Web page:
A study by the Gambling Health Alliance suggests young people are not only regularly spending on loot boxes, but struggling to keep track of how much they have spent.
The organisation, which was established by the Royal Society for Public Health, has released a new report based on a survey of 611 young people from England, Scotland and Wales.
23% of 11 to 16-year-olds said they had paid money to open loot boxes, with 34% of all respondents saying they had first purchased them by the time they were 13, due to the lack of age restrictions on games containing the randomised monetisation mechanic.
The study found that 31% of young gamers say they are unaware of how much they have spent on loot boxes, while 33% say they do now feel in console of their spending.
When asked to estimate how much a loot box costs — due to the real-money value being obfuscated by virtual currencies — most estimated purchases to be worth between £1 and £3. However, some reported a single loot box could cost as much as £20.
11% said they purchased loot boxes on a daily or weekly basis, with 27% claiming to spend monthly.
Weekly spenders estimated they would pay as much as £5 per week, or £260 per year, while nearly one in ten gamers said they spent between £11 and £20 per week — amounting to between £570 and £1,040 per year.
22% of respondents confirmed they had spent over £100 on loot boxes, in addition to the purchase of the game itself.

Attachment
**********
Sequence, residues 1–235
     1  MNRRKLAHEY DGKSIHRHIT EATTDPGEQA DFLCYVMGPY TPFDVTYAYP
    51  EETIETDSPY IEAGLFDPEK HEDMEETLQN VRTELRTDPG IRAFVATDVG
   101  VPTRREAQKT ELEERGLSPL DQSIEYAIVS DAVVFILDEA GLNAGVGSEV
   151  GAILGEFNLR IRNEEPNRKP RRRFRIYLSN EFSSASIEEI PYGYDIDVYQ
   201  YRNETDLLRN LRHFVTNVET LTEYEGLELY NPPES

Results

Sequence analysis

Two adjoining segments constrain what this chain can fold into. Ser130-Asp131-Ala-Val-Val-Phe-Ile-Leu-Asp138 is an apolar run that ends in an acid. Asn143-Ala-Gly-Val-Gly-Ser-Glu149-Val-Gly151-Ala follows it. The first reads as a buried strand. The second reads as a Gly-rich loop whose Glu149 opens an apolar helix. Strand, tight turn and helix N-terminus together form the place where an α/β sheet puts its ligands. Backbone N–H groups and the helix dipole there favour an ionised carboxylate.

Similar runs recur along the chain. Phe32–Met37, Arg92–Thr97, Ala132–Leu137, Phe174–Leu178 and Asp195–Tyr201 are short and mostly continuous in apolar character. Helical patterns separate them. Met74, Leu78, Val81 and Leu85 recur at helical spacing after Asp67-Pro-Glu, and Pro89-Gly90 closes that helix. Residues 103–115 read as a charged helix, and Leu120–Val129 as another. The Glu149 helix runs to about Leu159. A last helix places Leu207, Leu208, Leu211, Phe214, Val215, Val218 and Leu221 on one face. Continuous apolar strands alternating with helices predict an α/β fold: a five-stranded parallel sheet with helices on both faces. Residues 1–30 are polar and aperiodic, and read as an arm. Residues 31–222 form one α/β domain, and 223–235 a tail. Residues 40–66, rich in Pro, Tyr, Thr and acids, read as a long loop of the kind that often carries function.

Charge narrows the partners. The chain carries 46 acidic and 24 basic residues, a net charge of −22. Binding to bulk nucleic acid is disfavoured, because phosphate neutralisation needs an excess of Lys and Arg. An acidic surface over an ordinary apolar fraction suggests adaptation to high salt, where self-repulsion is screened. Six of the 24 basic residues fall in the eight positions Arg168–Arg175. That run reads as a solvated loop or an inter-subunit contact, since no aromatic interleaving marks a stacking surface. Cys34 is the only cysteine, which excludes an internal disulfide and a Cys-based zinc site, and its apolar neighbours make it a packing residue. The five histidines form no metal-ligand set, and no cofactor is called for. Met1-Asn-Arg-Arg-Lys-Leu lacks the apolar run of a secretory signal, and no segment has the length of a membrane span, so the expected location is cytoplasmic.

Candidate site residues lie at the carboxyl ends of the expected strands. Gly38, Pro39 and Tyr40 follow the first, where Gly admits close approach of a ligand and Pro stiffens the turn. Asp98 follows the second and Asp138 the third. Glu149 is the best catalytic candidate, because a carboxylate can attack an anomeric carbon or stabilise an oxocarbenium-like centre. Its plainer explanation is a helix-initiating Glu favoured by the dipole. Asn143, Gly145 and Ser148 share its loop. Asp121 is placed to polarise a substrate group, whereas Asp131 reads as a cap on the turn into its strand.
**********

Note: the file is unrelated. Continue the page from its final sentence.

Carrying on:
The report also explored the financial impact on spenders, with 13% claiming their loot box purchases had gotten them into debt, and 15% saying they had taken money from parents without permission.
One person claimed they had resorted to crime to pay of debts, while three said their spending had forced their families to remortgage their homes.
The Gambling Health Alliance released these results during a campaign to have loot boxes reclassified as gambling — something the Royal Society for Public Health also called for with a similar report last year.
The UK government recently closed a call for evidence around loot boxes ahead of a review for the nation’s gambling laws.
The report particularly draws attention to the lack of age restrictions and in-game spending trackers, although notes that EA has now added the latter system with FIFA Playtime to help Ultimate Team users keep on top of their purchases. It also introduces family controls to limit spending.
“This is a welcome step in the right direction,” the report said. “We believe that protective measures like this should be introduced across all games containing loot boxes until they are recognised as gambling and removed from games played by under-18s.”
According to the survey, 79% of respondents who played FIFA said Ultimate Team’s loot boxes negatively impacted their experience of the game.
Reasons ranged from the amount they felt they had to spend to play competitively, the poor odds for getting valuable players, and having to start over with each new release of FIFA.
Following the launch of FIFA Playtime, our own Brendan Sinclair explored the problematic situation EA and FIFA are in, with Ultimate Team under intense scrutiny but delivering more than a quarter of the publisher’s revenues in the last fiscal year.